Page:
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Kamen Rider: a monstrous hero

Citation

Staite, S, Kamen Rider: a monstrous hero, M/C Journal, 24, (5) ISSN 1441-2616 (2021) [Refereed Article]


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Copyright © M/C. This work is licensed under a Creative Commons Attribution-NonCommercial-NoDerivatives 4.0 International License, (https://creativecommons.org/licenses/by-nc-nd/4.0/).

DOI: doi:10.5204/mcj.2834

Abstract

2021 is the fiftieth anniversary year for Japanese live-action superhero franchise Kamen Rider. For half a century, heroes bearing the name Kamen Rider have battled rubber suited monsters and defended the smiles of children. Unlike many superheroes, however, the Kamen Riders are grotesque heroes, usually drawing their powers from the same source as the villains they battle. Grotesque human-machine-animal hybrids, they differ from their opponents only in the kindness of their hearts and the strength of their spirits. Although the Kamen Rider franchise includes a variety of texts including manga, novels, movies, and stage musicals, the central text is the Sunday morning children’s television program. This article focusses exclusively on the television series. Each season of the television program is comprised of around fifty twenty-five-minute episodes, and each season features an entirely new cast, title, and premise.

Kamen Rider was originally created at a time of economic downturn and social unrest, and the unease of the zeitgeist is reflected in the figure of the no longer human hero. A little over thirty years later Japan was again facing a variety of crises and intense debate over what, if any, role it should play in the wars in Afghanistan and Iraq. The 2002 television season, Kamen Rider Ryūki, tackles difficult questions about what justice, heroism, and monstrosity mean, through the medium of a children’s martial arts and live action special effects hero television program. This article explores the blurred boundaries between monster and hero in Kamen Rider, in the context of social attitudes toward children.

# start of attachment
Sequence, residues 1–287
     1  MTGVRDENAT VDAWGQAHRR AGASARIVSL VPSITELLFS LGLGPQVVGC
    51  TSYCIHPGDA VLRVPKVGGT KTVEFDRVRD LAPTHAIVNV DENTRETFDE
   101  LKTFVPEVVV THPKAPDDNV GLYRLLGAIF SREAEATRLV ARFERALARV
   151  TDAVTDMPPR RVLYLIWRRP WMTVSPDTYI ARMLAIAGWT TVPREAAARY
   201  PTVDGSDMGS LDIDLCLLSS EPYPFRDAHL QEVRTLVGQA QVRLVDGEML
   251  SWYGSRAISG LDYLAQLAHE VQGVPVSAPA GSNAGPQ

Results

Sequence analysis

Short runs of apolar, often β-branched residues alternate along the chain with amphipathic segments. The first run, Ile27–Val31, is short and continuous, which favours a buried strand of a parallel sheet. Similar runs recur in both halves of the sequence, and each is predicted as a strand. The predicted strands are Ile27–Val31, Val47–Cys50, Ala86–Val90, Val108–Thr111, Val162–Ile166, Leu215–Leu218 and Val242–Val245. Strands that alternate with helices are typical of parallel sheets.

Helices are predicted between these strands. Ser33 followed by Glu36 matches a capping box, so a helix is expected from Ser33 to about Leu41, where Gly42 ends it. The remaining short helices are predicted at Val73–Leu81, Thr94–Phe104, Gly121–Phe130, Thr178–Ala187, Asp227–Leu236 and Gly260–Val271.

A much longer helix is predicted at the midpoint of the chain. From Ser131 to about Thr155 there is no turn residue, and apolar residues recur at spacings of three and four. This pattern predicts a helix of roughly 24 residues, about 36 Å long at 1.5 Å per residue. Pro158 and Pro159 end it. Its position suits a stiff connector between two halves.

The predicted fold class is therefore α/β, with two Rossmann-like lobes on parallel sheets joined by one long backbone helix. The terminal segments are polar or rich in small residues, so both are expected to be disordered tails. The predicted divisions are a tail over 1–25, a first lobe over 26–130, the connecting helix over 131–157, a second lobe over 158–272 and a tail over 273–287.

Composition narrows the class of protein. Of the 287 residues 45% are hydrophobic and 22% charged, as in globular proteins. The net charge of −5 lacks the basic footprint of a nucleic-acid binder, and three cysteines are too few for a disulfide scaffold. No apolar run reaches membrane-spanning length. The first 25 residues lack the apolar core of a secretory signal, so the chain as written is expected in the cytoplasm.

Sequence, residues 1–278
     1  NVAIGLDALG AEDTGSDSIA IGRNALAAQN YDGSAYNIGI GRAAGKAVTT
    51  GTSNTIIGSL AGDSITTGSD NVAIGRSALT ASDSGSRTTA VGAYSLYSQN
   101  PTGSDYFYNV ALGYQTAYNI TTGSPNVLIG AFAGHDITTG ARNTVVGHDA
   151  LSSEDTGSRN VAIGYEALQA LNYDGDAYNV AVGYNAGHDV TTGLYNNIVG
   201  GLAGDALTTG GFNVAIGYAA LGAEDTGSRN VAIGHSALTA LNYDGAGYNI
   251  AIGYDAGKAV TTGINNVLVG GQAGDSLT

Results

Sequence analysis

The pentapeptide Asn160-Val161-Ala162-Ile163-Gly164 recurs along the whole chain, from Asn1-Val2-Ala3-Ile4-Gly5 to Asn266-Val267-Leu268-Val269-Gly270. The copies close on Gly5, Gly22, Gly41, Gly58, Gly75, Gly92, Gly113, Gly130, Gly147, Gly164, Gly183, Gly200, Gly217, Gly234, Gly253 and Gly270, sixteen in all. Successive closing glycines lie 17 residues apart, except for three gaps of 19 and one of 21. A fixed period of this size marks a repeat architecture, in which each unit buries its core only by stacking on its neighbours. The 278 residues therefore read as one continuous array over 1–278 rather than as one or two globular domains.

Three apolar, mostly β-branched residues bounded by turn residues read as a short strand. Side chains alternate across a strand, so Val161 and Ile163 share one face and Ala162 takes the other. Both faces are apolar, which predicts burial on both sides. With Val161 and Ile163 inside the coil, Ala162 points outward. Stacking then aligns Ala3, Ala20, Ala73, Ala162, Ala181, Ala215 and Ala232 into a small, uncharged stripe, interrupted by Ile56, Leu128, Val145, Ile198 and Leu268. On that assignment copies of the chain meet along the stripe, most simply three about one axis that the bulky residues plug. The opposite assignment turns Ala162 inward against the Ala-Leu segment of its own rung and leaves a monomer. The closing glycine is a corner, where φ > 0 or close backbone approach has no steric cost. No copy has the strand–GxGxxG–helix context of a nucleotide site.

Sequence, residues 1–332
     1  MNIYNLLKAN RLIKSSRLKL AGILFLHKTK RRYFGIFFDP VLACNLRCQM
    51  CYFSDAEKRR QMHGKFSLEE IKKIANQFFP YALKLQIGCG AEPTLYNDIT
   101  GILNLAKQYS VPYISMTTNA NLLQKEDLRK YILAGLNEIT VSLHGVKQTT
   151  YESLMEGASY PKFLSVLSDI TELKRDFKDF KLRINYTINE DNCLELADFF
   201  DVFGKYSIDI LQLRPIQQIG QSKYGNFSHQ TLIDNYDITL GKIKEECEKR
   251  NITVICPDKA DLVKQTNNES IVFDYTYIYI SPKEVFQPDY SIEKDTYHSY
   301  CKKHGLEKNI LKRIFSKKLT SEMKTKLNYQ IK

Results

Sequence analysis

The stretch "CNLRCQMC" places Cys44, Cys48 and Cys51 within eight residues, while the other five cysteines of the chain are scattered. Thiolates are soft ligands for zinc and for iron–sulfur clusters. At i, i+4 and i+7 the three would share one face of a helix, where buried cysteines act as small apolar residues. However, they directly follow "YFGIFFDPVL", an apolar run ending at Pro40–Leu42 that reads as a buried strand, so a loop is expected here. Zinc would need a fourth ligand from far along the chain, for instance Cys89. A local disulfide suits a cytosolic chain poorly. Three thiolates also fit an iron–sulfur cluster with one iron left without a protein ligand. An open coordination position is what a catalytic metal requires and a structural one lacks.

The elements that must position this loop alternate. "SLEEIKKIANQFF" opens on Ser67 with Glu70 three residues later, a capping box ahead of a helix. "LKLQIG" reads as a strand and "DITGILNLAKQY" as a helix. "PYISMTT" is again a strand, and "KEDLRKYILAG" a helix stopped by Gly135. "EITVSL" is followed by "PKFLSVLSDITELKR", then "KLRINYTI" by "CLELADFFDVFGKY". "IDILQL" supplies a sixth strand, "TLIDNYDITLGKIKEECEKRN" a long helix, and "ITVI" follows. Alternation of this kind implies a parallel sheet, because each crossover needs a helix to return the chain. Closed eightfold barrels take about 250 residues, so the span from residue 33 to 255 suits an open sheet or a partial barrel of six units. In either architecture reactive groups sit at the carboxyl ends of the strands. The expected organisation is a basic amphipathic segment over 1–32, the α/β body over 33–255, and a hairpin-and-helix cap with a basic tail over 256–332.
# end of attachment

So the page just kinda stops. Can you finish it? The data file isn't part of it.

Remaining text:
Item Details

Item Type:Refereed Article
Keywords:Kamen Rider, media violence, Japan, childhood
Research Division:Human Society
Research Group:Other human society
Research Field:Studies of Asian society
Objective Division:Culture and Society
Objective Group:Communication
Objective Field:The media
UTAS Author:Staite, S (Ms Sophia Staite)
ID Code:147046
Year Published:2021
Deposited By:College Office - CALE
Deposited On:2021-10-12
Last Modified:2021-11-05
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